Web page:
C3S Paper No. 0087/ 2015
Just before setting off to his visit to Japan, South Korea and the US Pacific Command in Honolulu between April 8 and 11, the US Secretary of Defence, Ashton Carter while delivering a speech at Arizona State University’s McCain Institute on April 6, 2015 said that he was ‘personally committed to overseeing the next phase of the rebalance, which will deepen and diversify the US engagement in the region.’
Carter was perhaps reassuring the US allies in Asia-Pacific that even though the US was bogged down in conflicts in the Middle East and Af-Pak region, it was serious about its pivot to Asia. Secondly, if the first phase of the pivot was overshadowed by China’s grandiose initiatives such as Asia Infrastructural Development Bank (AIDB), ‘Belt and Road initiative, Silk Road Fund, and the Free Trade Area of the Asia Pacific (FTAAP), the second phase will see the US taking its leadership role in the Asia Pacific region. Thirdly, the Transatlantic Trade and Investment Partnership (TTIP) and its companion agreement Trans Pacific Partnership (TPP) floated by the US, that has remained non starter may be realised sooner than the later. It was in this context that Carter compared the TPP as a ‘new aircraft carrier’ and one of the most important parts of Obama administration’s effort to shift more attention to Asia-Pacific. He urged the Congress to give President Barack Obama authority to complete the agreement that holds ‘enormous promise’ for economic development and job creation. Carter declared Asia-Pacific as ‘defining region’ for the future of the US.
According to Carter there are three cornerstones of the next phase of the US pivot to Asia: advanced high-tech weapons; trilateral alliance between the US, Japan and South Korea; and the TPP. He said that most advanced weapons would be deployed in the Asia-Pacific, and 60% of the US naval fleet (six aircraft careers) would be deployed in the region. China finds it interesting that when the idea of pivot to Asia was floated in 2011, the US has pointed out that 60% of its fleet would be stationed in the Pacific, however, after 2013 the US have included the Indian Ocean as a part of the concept.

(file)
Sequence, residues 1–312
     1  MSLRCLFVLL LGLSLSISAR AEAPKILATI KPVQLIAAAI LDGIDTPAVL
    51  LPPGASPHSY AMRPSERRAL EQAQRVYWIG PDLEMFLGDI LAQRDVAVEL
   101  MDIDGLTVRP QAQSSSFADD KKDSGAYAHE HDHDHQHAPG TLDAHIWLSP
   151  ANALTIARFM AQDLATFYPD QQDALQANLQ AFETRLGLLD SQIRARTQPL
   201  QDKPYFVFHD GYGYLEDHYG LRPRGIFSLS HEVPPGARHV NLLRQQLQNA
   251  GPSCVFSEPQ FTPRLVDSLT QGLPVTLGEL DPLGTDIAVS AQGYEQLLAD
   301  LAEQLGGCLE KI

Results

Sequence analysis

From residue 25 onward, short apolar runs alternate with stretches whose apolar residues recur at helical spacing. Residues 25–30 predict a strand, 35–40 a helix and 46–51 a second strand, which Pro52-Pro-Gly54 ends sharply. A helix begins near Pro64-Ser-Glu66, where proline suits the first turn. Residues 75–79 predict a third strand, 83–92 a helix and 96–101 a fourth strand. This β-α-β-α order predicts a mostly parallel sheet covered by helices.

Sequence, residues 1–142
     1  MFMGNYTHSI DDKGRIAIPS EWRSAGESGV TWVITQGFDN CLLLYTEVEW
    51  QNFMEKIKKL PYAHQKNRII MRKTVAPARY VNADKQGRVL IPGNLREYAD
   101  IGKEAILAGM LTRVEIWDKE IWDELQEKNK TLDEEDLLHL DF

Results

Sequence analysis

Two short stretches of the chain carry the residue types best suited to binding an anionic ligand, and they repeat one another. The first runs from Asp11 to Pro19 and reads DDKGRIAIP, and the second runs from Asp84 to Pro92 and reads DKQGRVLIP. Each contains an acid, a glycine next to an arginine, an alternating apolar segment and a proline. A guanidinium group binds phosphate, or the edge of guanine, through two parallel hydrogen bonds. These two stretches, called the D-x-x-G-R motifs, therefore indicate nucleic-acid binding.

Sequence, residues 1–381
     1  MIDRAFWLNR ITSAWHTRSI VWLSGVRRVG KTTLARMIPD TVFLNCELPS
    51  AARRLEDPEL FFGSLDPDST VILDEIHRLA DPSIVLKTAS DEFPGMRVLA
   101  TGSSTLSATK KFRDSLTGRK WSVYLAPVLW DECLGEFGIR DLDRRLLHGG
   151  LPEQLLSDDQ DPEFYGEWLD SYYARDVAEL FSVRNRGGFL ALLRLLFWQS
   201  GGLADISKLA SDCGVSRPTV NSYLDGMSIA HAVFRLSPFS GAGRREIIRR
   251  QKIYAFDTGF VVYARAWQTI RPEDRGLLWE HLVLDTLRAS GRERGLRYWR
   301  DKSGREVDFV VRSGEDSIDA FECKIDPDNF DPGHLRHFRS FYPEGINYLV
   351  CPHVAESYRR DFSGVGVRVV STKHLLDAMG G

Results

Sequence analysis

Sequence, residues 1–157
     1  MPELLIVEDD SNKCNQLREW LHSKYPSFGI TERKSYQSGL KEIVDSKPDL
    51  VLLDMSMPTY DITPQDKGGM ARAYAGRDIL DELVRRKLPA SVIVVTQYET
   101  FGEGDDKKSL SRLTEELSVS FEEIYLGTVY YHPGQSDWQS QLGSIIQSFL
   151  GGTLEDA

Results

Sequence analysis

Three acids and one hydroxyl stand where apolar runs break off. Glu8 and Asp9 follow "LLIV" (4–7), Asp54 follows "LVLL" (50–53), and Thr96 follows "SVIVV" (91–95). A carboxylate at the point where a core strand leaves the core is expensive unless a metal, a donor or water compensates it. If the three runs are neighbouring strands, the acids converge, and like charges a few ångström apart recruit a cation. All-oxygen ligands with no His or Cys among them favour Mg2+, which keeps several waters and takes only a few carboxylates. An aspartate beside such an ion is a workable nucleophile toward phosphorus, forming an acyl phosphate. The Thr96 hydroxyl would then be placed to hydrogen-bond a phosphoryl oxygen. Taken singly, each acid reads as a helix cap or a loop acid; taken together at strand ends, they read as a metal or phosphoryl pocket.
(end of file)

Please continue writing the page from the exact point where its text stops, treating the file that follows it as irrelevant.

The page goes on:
It is in this context that analysts in China are apprehensive about India becoming a ‘pawn’ on the ‘pivot to Asia’ chessboard, for India has been issuing joint statements since last year on Asia-Pacific with the US. However, many including Prof. Wang Wei of Central Nationality University believe that India may not be willing to play the second fiddle to the US. On the contrary, Chinese experts are of the view that India’s ‘Act East Policy’ may be on the path of ‘collision and friction’ as India expands its influence from South Asia to Southeast Asia.
As far as the triangular alliance between the US, Japan and South Korea is concerned, China sees an increased level of defence cooperation between the three, and finds it in sync with Shinzo Abe’s efforts to expand the role of the Self-Defence Forces (SDFs) by loosening constitutional constraints, especially the right to collective self-defence. Japanese SDFs are likely to provide their logistic support for the US forces in a case where Japan’s national security is threatened, and will cooperate under various circumstances including in a case of collective self-defence. The alliance is also considering ballistic missile defence, to this end the US is trying to convince South Korea to deploy ‘Sade System’.